The world is waking up to the legend that is Carole Lombard again. Her fierce independence and insistence on living her life on her own terms in 1930s Hollywood marks her out as an intriguing proto feminist.
And given her close links to William Powell it gave me even more reason to seek out a biography of her, and luckily I found this brand new one. It seems like there hasn’t been a major biography of Lombard since the 1970s which is a major omission when you think what she achieved professionally, but also personally – Carole truly touched the lives of practically everyone she came into contact with.
I’m not going to go on about her relationship with Bill Powell here as I’ve already written reams about it in my entry for the Carole Lombard Blogathon (14 January!), however one aspect of Michelle Morgan’s book that I really appreciated was that Morgan discusses Lombard’s relationships dispassionately and without judgement. There’s a tendency to view Clark Gable as a complete shit because of his unfaithfulness but Michelle Morgan merely records this as a possibility rather than incontrovertible fact and doesn’t bore us to death moralising about it – ultimately we weren’t there in that relationship or amongst that group of friends so who are we to judge?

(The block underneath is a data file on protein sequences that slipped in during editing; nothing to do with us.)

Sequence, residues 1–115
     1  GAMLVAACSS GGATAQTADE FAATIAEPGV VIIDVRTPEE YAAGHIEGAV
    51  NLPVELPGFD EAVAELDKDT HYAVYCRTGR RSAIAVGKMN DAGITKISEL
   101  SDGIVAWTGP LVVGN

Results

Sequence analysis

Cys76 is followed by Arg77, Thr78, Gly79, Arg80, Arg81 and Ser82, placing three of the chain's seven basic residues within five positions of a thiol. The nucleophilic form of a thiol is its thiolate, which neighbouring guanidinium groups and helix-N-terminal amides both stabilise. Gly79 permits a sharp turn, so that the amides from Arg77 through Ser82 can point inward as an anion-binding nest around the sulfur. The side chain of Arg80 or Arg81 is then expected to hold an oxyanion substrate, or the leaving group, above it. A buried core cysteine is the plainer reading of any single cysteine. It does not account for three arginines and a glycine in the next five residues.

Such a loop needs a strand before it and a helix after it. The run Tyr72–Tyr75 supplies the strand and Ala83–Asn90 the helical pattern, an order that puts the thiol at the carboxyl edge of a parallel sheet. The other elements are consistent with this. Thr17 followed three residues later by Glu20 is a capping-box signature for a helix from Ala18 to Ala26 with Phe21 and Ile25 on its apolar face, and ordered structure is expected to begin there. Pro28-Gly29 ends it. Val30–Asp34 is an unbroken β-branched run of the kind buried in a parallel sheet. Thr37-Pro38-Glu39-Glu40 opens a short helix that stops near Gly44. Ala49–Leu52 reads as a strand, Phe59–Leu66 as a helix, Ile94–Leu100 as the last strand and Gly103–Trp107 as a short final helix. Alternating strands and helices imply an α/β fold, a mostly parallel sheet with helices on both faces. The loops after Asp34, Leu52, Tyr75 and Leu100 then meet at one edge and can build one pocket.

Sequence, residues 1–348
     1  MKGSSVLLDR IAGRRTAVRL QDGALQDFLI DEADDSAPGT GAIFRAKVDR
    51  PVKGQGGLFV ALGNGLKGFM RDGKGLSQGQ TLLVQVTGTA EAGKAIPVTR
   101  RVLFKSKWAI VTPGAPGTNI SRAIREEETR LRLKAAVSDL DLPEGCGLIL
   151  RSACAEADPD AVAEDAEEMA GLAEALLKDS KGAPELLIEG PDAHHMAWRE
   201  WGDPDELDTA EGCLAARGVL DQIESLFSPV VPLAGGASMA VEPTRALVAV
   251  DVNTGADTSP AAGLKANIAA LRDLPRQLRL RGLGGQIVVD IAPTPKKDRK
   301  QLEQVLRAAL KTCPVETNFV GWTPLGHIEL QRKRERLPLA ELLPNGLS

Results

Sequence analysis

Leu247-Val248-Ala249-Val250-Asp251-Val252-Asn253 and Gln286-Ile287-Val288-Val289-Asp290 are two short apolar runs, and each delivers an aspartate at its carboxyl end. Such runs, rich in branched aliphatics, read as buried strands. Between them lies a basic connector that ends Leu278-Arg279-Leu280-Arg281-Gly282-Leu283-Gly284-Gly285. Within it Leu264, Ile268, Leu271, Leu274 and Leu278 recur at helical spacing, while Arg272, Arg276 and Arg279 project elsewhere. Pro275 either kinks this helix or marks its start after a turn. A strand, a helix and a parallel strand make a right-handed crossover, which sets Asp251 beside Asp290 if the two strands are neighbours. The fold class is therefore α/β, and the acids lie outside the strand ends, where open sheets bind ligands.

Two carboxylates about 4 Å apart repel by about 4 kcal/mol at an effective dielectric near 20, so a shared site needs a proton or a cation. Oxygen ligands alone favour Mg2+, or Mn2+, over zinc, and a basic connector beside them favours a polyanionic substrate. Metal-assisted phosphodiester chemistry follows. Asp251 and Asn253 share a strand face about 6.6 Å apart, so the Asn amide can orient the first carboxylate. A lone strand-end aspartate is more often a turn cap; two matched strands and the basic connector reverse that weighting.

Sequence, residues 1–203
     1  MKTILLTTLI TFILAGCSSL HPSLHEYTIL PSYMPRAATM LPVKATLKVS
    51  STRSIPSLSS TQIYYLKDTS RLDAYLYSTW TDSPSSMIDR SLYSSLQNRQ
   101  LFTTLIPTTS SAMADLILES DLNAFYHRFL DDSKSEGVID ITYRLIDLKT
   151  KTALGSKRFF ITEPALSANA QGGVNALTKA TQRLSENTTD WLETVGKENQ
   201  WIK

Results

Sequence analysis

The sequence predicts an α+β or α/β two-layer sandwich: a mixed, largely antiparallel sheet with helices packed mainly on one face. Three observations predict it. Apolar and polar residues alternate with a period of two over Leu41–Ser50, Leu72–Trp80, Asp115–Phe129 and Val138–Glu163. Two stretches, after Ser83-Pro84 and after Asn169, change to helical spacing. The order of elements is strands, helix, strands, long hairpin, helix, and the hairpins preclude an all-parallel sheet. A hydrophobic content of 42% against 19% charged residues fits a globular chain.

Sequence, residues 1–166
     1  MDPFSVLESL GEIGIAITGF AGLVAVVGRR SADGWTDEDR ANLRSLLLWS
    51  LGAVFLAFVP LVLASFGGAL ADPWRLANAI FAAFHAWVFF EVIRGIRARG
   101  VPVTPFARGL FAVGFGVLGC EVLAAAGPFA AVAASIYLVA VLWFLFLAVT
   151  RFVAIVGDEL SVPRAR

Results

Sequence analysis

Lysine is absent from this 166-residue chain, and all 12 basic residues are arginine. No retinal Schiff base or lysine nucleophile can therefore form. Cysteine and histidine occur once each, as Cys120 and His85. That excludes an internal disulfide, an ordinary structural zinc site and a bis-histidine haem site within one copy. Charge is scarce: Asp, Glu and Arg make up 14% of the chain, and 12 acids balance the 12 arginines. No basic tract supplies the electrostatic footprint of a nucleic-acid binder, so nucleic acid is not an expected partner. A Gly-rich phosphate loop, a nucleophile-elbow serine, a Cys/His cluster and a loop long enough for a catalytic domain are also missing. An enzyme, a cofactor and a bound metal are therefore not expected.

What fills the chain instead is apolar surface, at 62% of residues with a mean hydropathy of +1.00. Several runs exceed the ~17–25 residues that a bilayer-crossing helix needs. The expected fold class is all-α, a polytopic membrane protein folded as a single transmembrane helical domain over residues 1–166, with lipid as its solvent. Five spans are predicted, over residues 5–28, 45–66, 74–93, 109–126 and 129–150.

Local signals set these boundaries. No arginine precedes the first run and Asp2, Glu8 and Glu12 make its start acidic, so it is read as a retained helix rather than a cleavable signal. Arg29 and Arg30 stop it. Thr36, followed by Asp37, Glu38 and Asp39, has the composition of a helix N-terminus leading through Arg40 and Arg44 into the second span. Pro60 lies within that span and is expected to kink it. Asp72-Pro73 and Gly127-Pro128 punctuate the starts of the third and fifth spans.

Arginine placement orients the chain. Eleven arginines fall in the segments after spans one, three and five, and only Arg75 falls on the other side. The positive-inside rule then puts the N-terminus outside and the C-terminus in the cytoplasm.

I suppose the only thing I would have liked to have seen more of is perhaps situating Carole’s personal and professional life within a discussion around the political context of the era, and what it meant for women and Hollywood – for example Carole’s support for FDR and the New Deal, why she supported the war so wholeheartedly, why she wouldn’t be happy being Bill Powell’s perfect housewife, her mother’s feminist leanings and such like.
However it certainly doesn’t detract from a cracking read – Morgan captures the fast paced energy of the 1930s in her writing and the wit and personality of our favourite fizzy blonde. I monstered the entire book in about a week and I’m just really glad that Michelle Morgan’s done Carole Lombard justice.